Head of Business, Asana
The UK’s rapid shift to remote and distributed work has accelerated digital transformations, as keeping teams connected has become the top priority for businesses.
A recent survey1 found that nearly two-thirds (63%) of UK knowledge workers have increased their use of collaboration tools since transitioning to remote working, also known as ‘distributed work models’.
Even before this shift, collaboration tool usage had skyrocketed by more than 50%2 over the previous two decades. Yet, productivity levels in the UK had failed to keep pace.
Additionally, burnout has reached a fever pitch, with the World Health Organization officially designating it as an official occupational phenomenon last year.
Despite the incremental benefits that collaboration tools deliver, they also contribute to a collaboration paradox.
If we rely too heavily on collaboration tools for remote and distributed work, we add fuel to an ‘always-on’ culture, where chat notifications, video conferencing fatigue, and endless pings can consume our days even more so than in the physical office.
Ultimately, teams that stay organised and connected can make progress together.
Combatting the collaboration paradox with clarity
What drives the collaboration paradox to rear its ugly head? Despite the spread of collaboration tools, many distributed teams lack clarity of who is responsible for what, by when.
People may struggle to pinpoint whether work is on track, and lack predictive power in understanding whether their team can actually achieve its stated goals.
When you’re not sitting next to your colleagues, there can be an incredible lack of real-time clarity around these fundamental questions.
When teams lack clarity, work becomes less meaningful, engagement levels plummet, and burnout increases.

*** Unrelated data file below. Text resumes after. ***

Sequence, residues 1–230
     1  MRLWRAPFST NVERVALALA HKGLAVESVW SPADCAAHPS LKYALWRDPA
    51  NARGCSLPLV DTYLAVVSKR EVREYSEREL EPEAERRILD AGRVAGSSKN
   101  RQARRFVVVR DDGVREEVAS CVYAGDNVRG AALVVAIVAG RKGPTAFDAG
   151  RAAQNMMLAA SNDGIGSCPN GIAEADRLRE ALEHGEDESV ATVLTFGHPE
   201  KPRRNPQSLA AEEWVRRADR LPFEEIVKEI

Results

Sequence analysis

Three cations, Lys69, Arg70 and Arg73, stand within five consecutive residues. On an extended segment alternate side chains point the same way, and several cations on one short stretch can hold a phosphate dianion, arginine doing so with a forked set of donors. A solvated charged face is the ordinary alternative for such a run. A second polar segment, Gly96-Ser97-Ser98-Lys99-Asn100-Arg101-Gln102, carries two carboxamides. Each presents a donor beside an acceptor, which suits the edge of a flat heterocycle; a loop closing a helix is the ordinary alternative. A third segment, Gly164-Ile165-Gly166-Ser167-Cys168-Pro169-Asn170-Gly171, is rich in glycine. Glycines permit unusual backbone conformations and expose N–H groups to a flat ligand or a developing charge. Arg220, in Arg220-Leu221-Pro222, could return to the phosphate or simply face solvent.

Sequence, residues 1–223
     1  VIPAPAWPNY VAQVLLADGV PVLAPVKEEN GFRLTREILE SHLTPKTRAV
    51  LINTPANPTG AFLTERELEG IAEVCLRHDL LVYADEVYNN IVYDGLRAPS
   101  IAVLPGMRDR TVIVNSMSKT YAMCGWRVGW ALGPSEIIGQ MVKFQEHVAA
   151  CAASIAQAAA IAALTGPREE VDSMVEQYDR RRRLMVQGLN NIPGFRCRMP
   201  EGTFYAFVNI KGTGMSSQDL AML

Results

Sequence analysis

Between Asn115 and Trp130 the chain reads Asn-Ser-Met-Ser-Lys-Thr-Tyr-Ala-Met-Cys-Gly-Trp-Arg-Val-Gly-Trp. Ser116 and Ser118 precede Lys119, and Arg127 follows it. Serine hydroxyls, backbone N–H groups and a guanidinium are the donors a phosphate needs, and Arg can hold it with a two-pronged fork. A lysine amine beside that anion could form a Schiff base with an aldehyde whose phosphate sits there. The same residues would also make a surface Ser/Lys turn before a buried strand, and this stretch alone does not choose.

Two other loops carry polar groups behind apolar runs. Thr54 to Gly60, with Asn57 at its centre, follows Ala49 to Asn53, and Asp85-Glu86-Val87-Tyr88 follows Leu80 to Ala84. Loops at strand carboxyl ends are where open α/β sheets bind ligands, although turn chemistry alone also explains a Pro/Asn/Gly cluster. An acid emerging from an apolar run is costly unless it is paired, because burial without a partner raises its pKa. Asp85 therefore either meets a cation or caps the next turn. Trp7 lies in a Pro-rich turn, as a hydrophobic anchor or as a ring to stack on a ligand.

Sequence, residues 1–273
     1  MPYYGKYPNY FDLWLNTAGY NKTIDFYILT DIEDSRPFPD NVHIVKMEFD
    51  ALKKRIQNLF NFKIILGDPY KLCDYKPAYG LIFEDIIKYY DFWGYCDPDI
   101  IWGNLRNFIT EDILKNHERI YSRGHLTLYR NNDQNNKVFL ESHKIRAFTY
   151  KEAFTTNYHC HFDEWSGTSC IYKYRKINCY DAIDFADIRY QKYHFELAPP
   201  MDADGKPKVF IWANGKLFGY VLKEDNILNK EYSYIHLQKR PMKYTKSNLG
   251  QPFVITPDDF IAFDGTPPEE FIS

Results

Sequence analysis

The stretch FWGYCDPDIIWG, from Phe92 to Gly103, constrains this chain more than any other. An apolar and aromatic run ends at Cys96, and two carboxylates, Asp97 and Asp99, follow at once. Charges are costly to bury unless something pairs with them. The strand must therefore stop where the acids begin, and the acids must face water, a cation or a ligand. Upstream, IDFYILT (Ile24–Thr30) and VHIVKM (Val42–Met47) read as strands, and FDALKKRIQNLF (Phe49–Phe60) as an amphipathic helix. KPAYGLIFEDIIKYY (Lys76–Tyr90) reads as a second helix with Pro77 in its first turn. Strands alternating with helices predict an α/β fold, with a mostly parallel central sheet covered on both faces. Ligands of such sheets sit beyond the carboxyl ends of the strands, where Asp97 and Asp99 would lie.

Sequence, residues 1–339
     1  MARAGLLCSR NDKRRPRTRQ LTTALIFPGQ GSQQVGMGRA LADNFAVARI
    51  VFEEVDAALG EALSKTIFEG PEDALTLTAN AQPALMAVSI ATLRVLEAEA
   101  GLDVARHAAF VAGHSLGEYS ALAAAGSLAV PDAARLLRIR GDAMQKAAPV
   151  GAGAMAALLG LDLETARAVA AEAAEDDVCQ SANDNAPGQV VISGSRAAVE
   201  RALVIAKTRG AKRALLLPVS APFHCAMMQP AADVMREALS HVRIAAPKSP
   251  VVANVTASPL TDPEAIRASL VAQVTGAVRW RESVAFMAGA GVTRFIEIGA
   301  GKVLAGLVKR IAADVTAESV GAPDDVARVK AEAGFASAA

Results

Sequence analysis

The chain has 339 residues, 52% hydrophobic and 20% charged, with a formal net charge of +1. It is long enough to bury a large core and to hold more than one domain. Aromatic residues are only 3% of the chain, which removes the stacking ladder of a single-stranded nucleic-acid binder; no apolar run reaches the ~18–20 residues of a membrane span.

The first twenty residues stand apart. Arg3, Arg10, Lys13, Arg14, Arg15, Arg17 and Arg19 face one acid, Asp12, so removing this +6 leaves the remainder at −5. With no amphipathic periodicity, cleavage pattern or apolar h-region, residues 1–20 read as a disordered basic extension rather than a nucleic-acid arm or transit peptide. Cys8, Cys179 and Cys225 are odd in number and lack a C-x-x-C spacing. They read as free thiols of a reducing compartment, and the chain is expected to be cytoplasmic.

Why work-management and clarity go hand in hand
Work management tools like Asana provide this clarity as a living system of record that enables teams to orchestrate their work, from daily tasks to strategic initiatives.
According to our research, nearly twice as many employees using a work management tool for remote and distributed work felt more connected and supported by their manager (30%) than those who didn’t use them (17%).
Additionally, 55% of those using work management software felt more productive, compared to those that didn’t (35%). Ultimately, teams that stay organised and connected can make progress together.
Solving the collaboration paradox
IT departments have valiantly rushed to equip teams with tools to work remotely.
But, as organisations begin to plan for a phased return to the office, where distributed work plays a key role, businesses need to fundamentally rethink the systems today’s workplaces rely on.
All distributed teams need a real-time system of clarity – to manage who’s doing what when – that aligns attention with intention for more time spent achieving both individual and company goals.
As we adapt to the new world of work, these mission critical tools are
more essential than ever to solving the collaboration paradox and fostering a
culture of clarity where distributed teams thrive.
1 https://asana.com/resources/anatomy-of-work-remote-teams-survey | 2https://hbr.org/2016/01/collaborative-overload